“I think just being around baseball for the last 32 years of my life I was able to pick up things along the way that I like and pick up things that I dislike,” Ausanio said. “I treat the kids the way I wanted to be treated. I always played better for managers who coached in these ways.”
His tactics have been proven effective as Ausanio has been named MAAC Coach of the Year three times in 2011, 2016, and 2019. In 2016, Ausanio and the Red Foxes set a program record tallying 45 wins and have had seven straight winning seasons from 2011-2017. Under Ausanio’s leadership, the Red Foxes have also won three MAAC Regular-Season Championships in 2014, 2016, and 2019.
Transitioning from the Renegades to the Red Foxes was seamless for Ausanio. Even with his increased workload due to his promotion to director of baseball operations for the Renegades, he still finds a balance between his double duty lifestyle coaching and managing two separate teams.
“My duties for the Renegades include a wide variety of things from travel, to taking care of umpires, being involved with the official score, and making sure managers get post-game scores after the games,” Ausanio explained.
Anything baseball-related, Ausanio is your guy. He also takes care of managing the field, the batting cages, and the dugout while also communicating and coordinating with the Tampa Bay Rays.
Just like many people with the COVID-19 pandemic, Ausanio’s role underwent many difficulties this summer. Typically, a Hudson Valley Renegades season runs from mid-June to early September, however this summer, the season was canceled.
“It has definitely been challenging to say the least,” Ausanio said. “We had a lot of things going that were in preparation for the season in 2020. When you lose a season you’re just not prepared for it.”
As director of baseball operations, Ausanio was able to scramble to put together some “non-traditional revenue” projects. Some of these projects included baseball camps, tournaments, clinics, and field rentals which generated some revenue for the Renegades during a time where the stadium was closed for minor league games.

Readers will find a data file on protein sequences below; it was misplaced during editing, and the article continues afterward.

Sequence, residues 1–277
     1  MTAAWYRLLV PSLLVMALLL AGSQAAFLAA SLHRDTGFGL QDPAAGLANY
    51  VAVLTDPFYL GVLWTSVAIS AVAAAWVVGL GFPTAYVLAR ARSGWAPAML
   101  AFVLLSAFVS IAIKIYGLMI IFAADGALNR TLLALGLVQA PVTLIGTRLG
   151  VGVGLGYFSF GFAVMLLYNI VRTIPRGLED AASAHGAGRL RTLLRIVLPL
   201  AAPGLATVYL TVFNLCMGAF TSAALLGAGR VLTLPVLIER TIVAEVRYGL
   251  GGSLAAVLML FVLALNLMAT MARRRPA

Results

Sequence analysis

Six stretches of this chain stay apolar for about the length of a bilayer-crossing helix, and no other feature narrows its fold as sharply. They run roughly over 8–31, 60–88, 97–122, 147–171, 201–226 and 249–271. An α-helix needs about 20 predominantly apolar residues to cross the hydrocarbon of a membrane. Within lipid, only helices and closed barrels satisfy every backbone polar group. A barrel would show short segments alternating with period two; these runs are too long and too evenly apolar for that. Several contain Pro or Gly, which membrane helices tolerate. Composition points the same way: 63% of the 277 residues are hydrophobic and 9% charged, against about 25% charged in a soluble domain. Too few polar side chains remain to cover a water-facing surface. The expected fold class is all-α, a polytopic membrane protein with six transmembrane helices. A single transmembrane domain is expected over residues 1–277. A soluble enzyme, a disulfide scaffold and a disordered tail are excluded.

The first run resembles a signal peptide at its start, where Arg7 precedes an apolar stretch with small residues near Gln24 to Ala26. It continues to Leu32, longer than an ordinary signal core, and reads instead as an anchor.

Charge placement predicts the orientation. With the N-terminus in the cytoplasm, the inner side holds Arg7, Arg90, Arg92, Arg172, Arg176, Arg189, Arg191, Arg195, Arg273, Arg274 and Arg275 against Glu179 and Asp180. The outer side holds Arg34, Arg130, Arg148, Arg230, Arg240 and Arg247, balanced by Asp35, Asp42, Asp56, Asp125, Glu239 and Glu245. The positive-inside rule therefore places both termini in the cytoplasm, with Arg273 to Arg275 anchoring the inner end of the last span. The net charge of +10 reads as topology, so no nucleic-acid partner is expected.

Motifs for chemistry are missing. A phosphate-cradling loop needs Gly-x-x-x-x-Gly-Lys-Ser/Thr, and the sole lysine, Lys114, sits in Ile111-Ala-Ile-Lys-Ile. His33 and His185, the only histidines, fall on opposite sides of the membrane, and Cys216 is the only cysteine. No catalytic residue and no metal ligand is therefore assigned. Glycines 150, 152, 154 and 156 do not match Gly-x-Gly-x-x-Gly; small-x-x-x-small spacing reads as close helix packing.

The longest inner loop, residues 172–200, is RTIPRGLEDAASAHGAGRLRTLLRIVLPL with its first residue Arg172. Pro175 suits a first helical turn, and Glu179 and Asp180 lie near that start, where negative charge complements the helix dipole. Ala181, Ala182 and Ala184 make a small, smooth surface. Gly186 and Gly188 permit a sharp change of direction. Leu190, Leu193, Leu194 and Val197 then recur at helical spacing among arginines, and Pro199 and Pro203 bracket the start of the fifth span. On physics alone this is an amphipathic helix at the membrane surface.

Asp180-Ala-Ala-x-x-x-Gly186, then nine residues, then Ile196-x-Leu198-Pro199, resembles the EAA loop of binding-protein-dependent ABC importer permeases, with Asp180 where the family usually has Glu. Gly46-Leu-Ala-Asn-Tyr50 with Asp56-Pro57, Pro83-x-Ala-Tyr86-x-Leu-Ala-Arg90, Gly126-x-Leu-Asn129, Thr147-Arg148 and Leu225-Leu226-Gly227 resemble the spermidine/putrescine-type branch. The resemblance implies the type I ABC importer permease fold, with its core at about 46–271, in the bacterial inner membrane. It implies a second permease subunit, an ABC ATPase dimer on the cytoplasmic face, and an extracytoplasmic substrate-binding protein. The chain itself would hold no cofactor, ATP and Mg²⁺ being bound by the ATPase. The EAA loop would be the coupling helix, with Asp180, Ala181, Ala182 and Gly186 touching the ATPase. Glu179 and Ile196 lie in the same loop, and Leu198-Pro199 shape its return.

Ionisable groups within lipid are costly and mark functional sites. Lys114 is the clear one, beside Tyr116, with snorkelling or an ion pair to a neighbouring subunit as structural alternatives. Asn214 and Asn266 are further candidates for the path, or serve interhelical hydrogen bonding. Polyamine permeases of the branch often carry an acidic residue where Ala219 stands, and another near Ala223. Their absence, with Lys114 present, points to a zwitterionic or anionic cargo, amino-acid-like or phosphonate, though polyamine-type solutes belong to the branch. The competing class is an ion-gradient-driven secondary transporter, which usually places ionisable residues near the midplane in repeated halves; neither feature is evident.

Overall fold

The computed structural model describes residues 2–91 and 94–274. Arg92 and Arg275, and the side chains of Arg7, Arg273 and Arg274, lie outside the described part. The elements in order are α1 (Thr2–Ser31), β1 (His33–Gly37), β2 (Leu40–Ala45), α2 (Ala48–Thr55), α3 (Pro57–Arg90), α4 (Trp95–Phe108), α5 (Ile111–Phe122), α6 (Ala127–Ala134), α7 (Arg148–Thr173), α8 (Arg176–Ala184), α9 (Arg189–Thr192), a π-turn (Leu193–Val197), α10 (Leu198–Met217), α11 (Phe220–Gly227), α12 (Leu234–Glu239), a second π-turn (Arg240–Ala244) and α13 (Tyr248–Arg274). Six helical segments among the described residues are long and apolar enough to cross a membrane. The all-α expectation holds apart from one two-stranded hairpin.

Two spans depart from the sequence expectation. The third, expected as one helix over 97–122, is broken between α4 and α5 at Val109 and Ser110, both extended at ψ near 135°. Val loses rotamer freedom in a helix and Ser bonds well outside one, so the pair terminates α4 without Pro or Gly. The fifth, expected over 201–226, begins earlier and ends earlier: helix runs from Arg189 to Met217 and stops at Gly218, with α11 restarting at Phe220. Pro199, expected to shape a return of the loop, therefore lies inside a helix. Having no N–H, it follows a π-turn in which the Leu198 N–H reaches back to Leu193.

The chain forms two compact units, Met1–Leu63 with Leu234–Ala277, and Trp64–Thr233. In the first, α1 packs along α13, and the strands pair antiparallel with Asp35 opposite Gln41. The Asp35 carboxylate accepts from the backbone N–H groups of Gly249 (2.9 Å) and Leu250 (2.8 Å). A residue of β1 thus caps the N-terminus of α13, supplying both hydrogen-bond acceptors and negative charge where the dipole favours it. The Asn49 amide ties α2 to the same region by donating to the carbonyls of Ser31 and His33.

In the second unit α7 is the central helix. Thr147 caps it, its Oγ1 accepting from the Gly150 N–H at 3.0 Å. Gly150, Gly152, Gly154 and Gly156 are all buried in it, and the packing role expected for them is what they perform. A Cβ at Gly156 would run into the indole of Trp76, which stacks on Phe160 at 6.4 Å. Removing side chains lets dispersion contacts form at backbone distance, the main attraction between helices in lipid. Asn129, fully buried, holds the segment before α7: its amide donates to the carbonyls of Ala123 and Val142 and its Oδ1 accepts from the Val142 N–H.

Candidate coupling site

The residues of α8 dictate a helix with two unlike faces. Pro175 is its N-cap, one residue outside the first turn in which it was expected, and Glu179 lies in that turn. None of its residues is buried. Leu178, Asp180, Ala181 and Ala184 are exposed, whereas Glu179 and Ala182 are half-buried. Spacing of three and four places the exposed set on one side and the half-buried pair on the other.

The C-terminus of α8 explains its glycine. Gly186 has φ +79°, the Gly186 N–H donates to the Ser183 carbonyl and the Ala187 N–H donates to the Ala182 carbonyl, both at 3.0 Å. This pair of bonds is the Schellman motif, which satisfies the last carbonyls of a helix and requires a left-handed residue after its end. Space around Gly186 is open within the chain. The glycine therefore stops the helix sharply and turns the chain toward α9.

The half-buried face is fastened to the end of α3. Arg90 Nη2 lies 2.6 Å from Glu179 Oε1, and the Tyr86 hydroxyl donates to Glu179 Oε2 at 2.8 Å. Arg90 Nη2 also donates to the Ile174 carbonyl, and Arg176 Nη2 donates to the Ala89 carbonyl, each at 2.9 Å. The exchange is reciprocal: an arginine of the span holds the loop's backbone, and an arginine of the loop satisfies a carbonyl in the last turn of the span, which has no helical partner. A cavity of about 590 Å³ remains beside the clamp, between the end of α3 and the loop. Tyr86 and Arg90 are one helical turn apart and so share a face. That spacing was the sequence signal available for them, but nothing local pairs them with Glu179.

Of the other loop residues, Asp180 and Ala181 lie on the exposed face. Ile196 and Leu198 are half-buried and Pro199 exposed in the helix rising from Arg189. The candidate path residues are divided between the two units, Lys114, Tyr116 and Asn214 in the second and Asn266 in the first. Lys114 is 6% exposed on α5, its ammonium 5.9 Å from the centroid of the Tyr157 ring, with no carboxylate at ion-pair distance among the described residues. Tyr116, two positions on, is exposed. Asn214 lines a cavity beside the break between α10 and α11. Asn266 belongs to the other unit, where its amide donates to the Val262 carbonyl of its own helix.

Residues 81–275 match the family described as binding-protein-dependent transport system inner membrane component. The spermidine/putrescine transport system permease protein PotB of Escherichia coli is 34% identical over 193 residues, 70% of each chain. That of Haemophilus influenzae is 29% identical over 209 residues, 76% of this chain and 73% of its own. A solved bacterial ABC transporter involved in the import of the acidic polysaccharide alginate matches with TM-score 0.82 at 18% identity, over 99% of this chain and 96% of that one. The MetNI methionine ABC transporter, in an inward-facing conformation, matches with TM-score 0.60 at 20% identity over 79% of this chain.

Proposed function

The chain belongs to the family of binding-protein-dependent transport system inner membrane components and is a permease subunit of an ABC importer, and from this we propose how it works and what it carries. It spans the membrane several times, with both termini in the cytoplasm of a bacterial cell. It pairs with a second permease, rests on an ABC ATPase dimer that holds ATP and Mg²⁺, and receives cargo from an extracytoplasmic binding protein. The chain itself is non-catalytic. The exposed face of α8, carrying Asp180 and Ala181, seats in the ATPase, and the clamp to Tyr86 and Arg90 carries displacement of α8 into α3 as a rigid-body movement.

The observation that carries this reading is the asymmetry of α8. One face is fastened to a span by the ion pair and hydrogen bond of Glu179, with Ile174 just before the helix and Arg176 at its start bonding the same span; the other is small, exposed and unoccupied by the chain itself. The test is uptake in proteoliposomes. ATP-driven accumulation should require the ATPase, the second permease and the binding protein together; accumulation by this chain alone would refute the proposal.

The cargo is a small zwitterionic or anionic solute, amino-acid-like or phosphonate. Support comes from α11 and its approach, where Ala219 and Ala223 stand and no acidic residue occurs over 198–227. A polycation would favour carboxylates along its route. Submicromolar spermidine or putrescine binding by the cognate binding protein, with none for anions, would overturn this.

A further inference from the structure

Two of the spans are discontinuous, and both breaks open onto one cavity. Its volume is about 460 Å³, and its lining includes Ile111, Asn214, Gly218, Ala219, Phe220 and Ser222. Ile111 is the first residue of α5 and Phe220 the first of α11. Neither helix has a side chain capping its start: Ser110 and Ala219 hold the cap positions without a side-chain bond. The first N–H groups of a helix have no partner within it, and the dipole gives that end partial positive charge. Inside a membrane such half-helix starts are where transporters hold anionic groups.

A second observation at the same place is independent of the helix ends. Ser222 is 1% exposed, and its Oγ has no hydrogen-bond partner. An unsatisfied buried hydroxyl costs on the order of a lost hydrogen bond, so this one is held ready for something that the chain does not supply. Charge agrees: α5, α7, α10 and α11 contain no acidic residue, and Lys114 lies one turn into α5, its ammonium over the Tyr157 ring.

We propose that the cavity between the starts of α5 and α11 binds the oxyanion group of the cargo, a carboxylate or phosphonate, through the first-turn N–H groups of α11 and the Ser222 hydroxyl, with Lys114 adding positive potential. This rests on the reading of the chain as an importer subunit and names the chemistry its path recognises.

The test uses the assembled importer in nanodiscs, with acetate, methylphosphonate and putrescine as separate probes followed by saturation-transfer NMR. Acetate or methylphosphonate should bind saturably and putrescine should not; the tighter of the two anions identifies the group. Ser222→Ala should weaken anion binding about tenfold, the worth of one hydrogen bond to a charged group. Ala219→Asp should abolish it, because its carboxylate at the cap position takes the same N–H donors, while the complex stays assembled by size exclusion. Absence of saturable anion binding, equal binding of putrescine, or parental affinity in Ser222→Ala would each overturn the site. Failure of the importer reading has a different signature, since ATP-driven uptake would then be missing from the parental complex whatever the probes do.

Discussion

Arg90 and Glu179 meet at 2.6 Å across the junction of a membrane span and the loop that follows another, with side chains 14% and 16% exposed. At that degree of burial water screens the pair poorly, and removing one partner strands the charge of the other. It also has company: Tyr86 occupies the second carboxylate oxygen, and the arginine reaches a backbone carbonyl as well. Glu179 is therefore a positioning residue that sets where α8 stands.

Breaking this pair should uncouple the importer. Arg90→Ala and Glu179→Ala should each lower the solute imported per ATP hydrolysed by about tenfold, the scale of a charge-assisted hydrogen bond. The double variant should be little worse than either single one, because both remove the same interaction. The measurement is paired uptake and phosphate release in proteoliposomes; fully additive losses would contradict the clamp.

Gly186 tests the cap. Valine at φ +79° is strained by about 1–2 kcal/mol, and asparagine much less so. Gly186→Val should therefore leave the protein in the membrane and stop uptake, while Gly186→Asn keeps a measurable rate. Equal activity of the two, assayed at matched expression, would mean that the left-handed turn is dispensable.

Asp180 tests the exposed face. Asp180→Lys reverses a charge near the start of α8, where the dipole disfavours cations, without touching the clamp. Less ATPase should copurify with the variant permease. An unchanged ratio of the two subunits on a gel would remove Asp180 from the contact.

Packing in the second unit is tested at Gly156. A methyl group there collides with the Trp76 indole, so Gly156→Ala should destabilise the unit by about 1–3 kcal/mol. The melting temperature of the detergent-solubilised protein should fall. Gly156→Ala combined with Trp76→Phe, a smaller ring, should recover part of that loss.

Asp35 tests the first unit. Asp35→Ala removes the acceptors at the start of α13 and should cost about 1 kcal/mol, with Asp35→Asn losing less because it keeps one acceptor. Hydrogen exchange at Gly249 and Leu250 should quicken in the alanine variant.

With much uncertainty still surrounding the Renegades upcoming 2021 season, answers will not come until the conclusion of the MLB season. Right now, all eyes for the Renegades are turned to their affiliate, the Tampa Bay Rays, who are in the heart of an incredible postseason run. The Rays are in the midst of the American League Championship Series against the Houston Astros.
It was not an ideal summer, but the only solution was to make the best of a bad situation. Ausanio was successfully able to do just that. The only way to go about the current situation is to take it day by day as Ausanio explained, and the same holds with his Red Foxes.
“It was challenging because we lost the last two thirds of our season. We were 10-9 going into spring break and looking forward to having a good year last year,” Ausanio said.
Ausanio credits his girls for having positive and optimistic attitudes thus far, as they just started introducing equipment into their off-season workouts. He smiles with confidence noting the team is “taking everything in stride.”
The questions surrounding the 2021 season for both the Renegades and Red Foxes may not be answered soon, but all Ausanio can do is take each day as it comes. As for Red Fox fans, Ausanio believes they should be extremely eager and excited for another successful 2021 Marist Softball campaign. The Red Foxes are on a mission to finish what they started last year, and if the opportunity is given, they will not let anyone get in their way on their road to redemption.
Edited by Nick Stanziale and Bridget Reilly